Castet, Nicolas (2013-05). A Parallel Graph Partitioner for STAPL. Master's Thesis. | Thesis individual record
abstract

Multi-core architectures are present throughout a large selection of computing devices from cell phones to super-computers. Parallel applications running on these devices solve bigger problems in a shorter time. Writing those applications is a difficult task for programmers. They need to deal with low-level parallel mechanisms such as data distribution, inter-processor communication, and task placement. The goal of the Standard Template Adaptive Parallel Library (STAPL) is to provide a generic high-level framework to develop parallel applications.

One of the first steps of a parallel application is to partition and distribute the data throughout the system. An important data structure for parallel applications to store large amounts of data and model many types of relations is the graph. A mesh, which is a special type of graph, is often used to model a spatial domain in scientific applications. Graph and mesh partitioning has many applications such as VLSI circuit design, parallel task scheduling, and data distribution. Data distribution, significantly impacts the performance of a parallel application.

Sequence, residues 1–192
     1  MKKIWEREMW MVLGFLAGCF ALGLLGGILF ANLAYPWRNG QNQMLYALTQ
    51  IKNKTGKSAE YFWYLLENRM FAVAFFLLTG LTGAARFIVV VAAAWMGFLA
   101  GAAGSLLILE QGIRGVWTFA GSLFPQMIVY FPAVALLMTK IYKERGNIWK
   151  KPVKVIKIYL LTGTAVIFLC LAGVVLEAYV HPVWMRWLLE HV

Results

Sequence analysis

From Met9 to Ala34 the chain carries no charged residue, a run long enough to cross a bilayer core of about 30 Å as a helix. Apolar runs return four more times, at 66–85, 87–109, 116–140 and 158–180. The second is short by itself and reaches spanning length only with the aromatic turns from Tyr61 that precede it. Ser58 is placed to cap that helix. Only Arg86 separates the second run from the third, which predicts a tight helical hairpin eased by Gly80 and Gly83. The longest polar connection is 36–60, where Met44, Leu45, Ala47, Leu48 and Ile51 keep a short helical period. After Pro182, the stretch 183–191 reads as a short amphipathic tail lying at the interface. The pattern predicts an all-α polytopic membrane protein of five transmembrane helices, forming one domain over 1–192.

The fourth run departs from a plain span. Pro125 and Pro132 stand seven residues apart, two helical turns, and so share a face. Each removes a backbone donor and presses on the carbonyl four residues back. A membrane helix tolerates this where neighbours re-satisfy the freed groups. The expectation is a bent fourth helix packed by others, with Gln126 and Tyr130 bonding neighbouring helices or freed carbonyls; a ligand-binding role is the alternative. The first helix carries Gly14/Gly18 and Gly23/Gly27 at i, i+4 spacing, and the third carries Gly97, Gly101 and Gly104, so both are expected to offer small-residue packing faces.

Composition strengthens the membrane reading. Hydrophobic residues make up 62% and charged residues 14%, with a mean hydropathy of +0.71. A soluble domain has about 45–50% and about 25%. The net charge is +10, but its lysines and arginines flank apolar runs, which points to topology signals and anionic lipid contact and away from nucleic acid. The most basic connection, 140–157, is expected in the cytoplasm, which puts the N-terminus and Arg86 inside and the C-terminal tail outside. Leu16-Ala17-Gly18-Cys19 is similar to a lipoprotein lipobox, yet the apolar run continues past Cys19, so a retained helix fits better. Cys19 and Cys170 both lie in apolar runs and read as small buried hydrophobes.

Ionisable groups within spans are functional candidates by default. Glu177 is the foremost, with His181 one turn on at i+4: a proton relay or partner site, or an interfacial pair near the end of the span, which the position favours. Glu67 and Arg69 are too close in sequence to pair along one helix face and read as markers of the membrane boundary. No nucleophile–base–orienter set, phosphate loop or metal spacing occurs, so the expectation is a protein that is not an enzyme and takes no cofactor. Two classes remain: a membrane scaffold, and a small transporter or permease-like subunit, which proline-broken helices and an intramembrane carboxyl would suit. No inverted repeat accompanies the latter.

In this thesis, we introduce the STAPL Parallel Graph Partitioner Framework. This framework provides a generic infrastructure to partition arbitrary graphs and meshes and to build customized partitioners. It includes the state of the art parallel k-way multilevel scheme to partition arbitrary graphs, a parallel mesh partitioner with parameterized partition shape, and a customized partitioner used for discrete ordinates particle transport computations. This framework is also part of a generic library, STAPL, allowing the partitioning of the data and development of the whole parallel application to be done in the same environment.

We show the user-friendly interface of the framework and its scalability for partitioning different mesh and graph benchmarks on a Cray XE6 system. We also highlight the performance of our customized unstructured mesh partitioner for a discrete ordinates particle transport code. The developed columnar decompositions significantly reduce the execution time of simultaneous sweeps on unstructured meshes.

etd chair
publication date
2013